The new House Republican leader said Tuesday that the GOP will be a “cut and grow majority” and will restrain the growth of government by enacting significant spending reductions.
But maybe not until President Obama goes first.
“Once we get to the State of the Union I expect this president to put some action behind the words he’s been about,” said Rep. Eric Cantor, Virginia Republican.
Cantor said he was looking to see “some significant spending cuts” proposed by Obama when he speaks on Jan. 25 to a joint session of Congress. He met with reporters in his new offices for a robust 27-minute press availability one day before officially becoming House Majority Leader.
Cantor appeared at first to promise major action in the next three weeks, before Obama’s speech. He laid out a timeline for the rest of January, indicating that the House GOP will move from repealing Obama’s health-care bill – a symbolic act since the Senate will not pass such a bill and Obama would never sign it if they did – to laying out spending cuts to then targeting regulations.
“You’ll see the cut and grow playbook begin to take hold over next three weeks,” he said. “We’re going to be about cutting spending and cutting the job killing regulations that this administration has been about over the last two years.”
However, when pressed numerous times for whether there will be specific spending cuts proposed and regulations put under the axe prior to the State of the Union, Cantor mentioned only an already announced five percent reduction to congressional office budgets that will save $35 million.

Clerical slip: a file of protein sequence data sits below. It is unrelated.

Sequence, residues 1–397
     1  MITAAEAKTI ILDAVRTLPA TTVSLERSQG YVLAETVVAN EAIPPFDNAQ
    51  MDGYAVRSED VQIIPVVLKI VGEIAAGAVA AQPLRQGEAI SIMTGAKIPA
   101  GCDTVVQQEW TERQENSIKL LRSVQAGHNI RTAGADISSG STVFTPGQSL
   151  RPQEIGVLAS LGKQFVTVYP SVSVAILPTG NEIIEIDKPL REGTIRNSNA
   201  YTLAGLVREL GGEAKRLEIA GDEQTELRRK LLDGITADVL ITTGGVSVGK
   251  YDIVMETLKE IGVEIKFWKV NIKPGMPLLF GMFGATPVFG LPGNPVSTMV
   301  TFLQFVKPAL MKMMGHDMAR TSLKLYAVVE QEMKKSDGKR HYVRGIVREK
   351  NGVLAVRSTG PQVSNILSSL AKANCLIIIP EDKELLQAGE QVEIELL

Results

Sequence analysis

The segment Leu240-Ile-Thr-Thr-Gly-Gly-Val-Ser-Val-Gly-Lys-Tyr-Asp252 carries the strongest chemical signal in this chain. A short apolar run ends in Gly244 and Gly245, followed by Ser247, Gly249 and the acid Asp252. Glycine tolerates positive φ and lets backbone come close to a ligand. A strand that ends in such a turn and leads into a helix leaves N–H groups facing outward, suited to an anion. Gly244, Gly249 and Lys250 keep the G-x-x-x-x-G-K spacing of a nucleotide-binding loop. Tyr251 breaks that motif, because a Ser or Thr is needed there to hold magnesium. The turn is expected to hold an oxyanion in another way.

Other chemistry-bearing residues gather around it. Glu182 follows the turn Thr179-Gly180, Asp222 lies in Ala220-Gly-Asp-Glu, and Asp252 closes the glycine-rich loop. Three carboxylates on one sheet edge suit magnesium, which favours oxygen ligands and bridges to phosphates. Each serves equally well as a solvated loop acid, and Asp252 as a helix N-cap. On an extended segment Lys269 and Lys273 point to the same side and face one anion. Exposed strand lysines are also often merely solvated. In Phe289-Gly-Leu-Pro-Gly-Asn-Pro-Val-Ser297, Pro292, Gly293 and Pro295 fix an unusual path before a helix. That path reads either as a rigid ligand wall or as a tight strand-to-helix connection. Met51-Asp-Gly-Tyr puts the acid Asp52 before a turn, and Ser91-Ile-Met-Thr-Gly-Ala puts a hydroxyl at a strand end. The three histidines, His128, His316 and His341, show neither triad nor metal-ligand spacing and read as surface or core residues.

Cantor aides, asked several times whether the GOP would lay out more specific cuts than the one cut to congressional offices before SOTU, indicated there might be but would not give a definitive answer.
A Republican Senate staffer pointed out that the five percent cut is not even half of the 15 percent cuts to congressional staff offices recommended by Obama’s own bipartisan fiscal commission.
And the congressional staff cuts – while unquestionably a step by lawmakers to absorb some cutbacks themselves first – are still only a drop in the bucket compared to the $100 billion in spending that the GOP has promised to eliminate.
Such cuts are no doubt coming. Few question the GOP’s seriousness about reaching their $100 billion goal, though many in the Tea Party that delivered them the majority want much deeper cuts.
But Cantor’s comments Tuesday were an indication that the GOP may wait and see what Obama proposes before offering their own recipe for pain, in an attempt to minimize their vulnerability to political attacks.
Such tactics are a double-edged sword. They are often pragmatically effective in shrinking the target for Democratic operatives and advocacy groups. But the grassroots conservative movement – which the GOP must keep engaged and energized if it has any hope of taking back the White House in 2012 – will have little sympathy for anything other than a clear frontal attack on Obama’s policies and on government spending.